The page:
Another police shooting of a young man. Another family left with questions about why police shot to kill their son.
So far, all we know for sure about the police shooting of Alwy Al Nadhir in Riverdale Park on Halloween night is that the province's Special Investigations Unit (SIU) will be investigating.
That gives the SIU's critics little comfort.
Ontario Ombudsman André Marin announced his own probe of the workings of the unit back in June. He promised to put eight cases in particular under the microscope.
That announcement followed a rash of complaints by defence lawyers and family members that the SIU cannot be trusted because of its perceived bias in favour of police.
The SIU rarely charges police. In more than 660 cases investigated by the unit since 2004, charges have been laid in only 11 instances.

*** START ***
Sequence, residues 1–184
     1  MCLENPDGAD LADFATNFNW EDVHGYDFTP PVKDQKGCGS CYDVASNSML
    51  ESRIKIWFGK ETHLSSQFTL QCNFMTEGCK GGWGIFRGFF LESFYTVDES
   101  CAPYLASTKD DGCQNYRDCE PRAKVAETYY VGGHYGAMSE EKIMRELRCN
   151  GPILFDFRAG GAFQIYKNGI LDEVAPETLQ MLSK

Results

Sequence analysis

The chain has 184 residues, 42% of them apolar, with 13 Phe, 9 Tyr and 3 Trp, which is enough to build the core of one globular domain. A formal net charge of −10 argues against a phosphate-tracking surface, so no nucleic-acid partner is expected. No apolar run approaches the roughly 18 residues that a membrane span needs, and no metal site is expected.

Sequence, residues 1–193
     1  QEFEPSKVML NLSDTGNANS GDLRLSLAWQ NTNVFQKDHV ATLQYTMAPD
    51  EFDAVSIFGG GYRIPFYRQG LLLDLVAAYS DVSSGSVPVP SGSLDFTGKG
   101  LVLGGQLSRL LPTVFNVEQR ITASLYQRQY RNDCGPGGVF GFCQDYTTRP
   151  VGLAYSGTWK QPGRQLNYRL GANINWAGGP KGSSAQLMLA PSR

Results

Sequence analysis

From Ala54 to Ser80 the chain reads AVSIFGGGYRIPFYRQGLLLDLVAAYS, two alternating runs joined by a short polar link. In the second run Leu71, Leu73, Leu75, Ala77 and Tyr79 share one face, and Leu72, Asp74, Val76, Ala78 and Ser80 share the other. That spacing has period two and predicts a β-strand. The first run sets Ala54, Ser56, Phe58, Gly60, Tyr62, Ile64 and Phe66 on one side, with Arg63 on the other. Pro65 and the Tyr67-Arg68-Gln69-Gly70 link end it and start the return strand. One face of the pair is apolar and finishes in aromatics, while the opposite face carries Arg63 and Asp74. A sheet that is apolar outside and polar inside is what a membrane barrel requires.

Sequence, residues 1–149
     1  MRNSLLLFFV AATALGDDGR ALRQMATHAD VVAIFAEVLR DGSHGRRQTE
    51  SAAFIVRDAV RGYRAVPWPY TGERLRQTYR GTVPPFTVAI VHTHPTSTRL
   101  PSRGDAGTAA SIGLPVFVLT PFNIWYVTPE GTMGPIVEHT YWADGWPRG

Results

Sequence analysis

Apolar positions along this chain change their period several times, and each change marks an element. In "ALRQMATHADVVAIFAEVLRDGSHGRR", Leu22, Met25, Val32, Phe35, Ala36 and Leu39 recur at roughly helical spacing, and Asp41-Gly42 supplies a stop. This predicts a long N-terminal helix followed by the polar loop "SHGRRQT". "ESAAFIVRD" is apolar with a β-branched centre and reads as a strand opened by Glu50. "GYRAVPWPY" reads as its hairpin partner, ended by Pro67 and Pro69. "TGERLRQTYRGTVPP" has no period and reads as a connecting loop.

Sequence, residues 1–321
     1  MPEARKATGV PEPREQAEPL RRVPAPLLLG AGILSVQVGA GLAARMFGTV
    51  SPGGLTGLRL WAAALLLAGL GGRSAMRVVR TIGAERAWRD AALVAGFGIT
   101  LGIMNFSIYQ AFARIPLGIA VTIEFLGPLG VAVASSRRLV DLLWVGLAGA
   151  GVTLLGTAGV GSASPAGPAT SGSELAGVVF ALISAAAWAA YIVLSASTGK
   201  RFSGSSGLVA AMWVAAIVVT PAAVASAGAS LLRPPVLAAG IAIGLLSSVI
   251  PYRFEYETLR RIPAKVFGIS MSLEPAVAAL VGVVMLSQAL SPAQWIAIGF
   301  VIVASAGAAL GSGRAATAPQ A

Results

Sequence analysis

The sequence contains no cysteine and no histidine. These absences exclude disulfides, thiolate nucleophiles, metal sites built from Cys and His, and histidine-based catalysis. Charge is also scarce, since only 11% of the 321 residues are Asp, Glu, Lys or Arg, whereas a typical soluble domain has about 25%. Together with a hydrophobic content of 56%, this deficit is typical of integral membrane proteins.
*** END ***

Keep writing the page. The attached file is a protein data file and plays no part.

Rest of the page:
Marin, as a former director of the SIU, knows full well the political minefield in which the unit operates.
But we'll have to wait a little longer for findings of his probe, originally scheduled to be released two weeks ago.
According to Marin spokesperson Barbara Theobalds, the special ombudsman response team has interviewed 100 "key stakeholders" and is reviewing more than 60,000 pages of documentation.
Marin's office wields significant power -- at least on paper. Theoretically, he can recommend that cases already closed by the SIU "be referred to the appropriate authority for further consideration." Or he can ask that laws governing police use of force be reconsidered.
But the ultimate authority to make any changes in the Police Services Act or the SIU rests with the attorney general's office. And it has never shown a willingness to take on the cops in the past.